The production received high profile coverage including Time Out, Women’s Hour, and Times Radio. Paulette graduated from Rose Bruford College in 1982, after which she and two fellow students – Bernardine Evaristo and Patricia Hilaire – set up their own company, called Theatre of Black Women. Paulette went on to direct the 2012 Olympic Opening Ceremony, and is also Artistic Director at Talawa and Chair of Clean Break. Paulette directed Fences with Lenny Henry in the West End, and Dr Faustus at the Globe and Gem of the Ocean at Kiln Theatre.
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The Fellowship synopsis:
Children of the Windrush generation, sisters Dawn and Marcia Adams grew up in 1980s London and were activists on the front line against the multiple injustices of that time. Decades on, they find they have little in common beyond family… Dawn struggles to care for their dying mother, whilst her one surviving son is drifting away from her. Meanwhile, high-flying lawyer Marcia’s affair with a married politician might be about to explode and destroy her career. Can the Adams sisters navigate the turmoil that lies ahead, leave the past behind, and seize the future with the bond between them still intact?
The world premiere of Roy Williams’ The Fellowship, directed by Paulette Randall, is, by turns, an electrifying, hilarious, gripping tale set in modern Britain.
The Stage online review:
‘Paulette Randall’s production takes care to ensure that the Blackness in this family drama is not portrayed as a singular thing. The music is full of Kylie Minogue, Bee Gees and Culture Club. Where her direction really shines, though, is in the area of accent and dialect, where fusion of Jamaican patois, inner-city London dialect, received pronunciation and a touch of Cockney are all interchangeably used. It makes for a truly authentic reflection of Black Britishness.’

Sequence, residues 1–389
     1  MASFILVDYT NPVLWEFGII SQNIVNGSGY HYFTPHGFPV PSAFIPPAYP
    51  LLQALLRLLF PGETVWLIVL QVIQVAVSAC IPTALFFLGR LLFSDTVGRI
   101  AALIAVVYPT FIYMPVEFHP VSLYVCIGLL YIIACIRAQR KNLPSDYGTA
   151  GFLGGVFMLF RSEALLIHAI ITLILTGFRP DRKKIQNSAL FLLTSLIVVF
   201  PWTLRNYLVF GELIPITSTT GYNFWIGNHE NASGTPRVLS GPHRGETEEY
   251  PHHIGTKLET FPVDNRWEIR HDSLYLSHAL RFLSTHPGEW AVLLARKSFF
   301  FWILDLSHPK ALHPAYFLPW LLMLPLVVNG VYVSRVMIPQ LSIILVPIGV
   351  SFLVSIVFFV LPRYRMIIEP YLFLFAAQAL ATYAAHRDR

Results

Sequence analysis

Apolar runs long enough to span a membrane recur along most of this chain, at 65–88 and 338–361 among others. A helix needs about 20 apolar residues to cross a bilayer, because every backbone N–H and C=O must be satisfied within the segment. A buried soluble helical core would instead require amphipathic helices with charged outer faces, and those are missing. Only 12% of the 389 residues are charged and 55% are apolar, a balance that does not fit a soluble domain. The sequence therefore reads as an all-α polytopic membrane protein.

Visit The Stage online here to read the full review.
Time Out review
‘Roy Williams’s masterful new play is an exploration of Black sisterhood’
‘Roy Williams’s complex, heartbreaking new play is full of the presence of a woman we hardly see: Sylvia, a veteran of the Windrush generation, who lies upstairs dying as her two daughters struggle with her legacy.’
‘Marcia (a self-contained and confident Suzette Llewellyn) has internalised her mother’s admonishments that a Black woman needs to work twice as hard as her white counterparts, and is a successful barrister who’s having an affair with a white politician. Her sister Dawn (a compelling fiery Cherrelle Skeete) isn’t so compliant. She cherishes memories of being on the frontline in the Brixton riots, and nurses fury at the British establishment that nearly deported her ageing mother.’
‘Williams’s play has this brilliant, slowly unfurling quality where every conversation is freighted with a tension that takes a while to reveal its cause.’
‘Much like its fantasy namesake, ‘The Fellowship’ is one of those stories that you emerge from feeling like you’ve gone on an epic journey with the people in it. It’s full of moments that stretch out and become dreamlike, aided by designer Libby Watson’s wonderfully surreal set with its long curving staircase.’
Visit Time Out online here to read the full review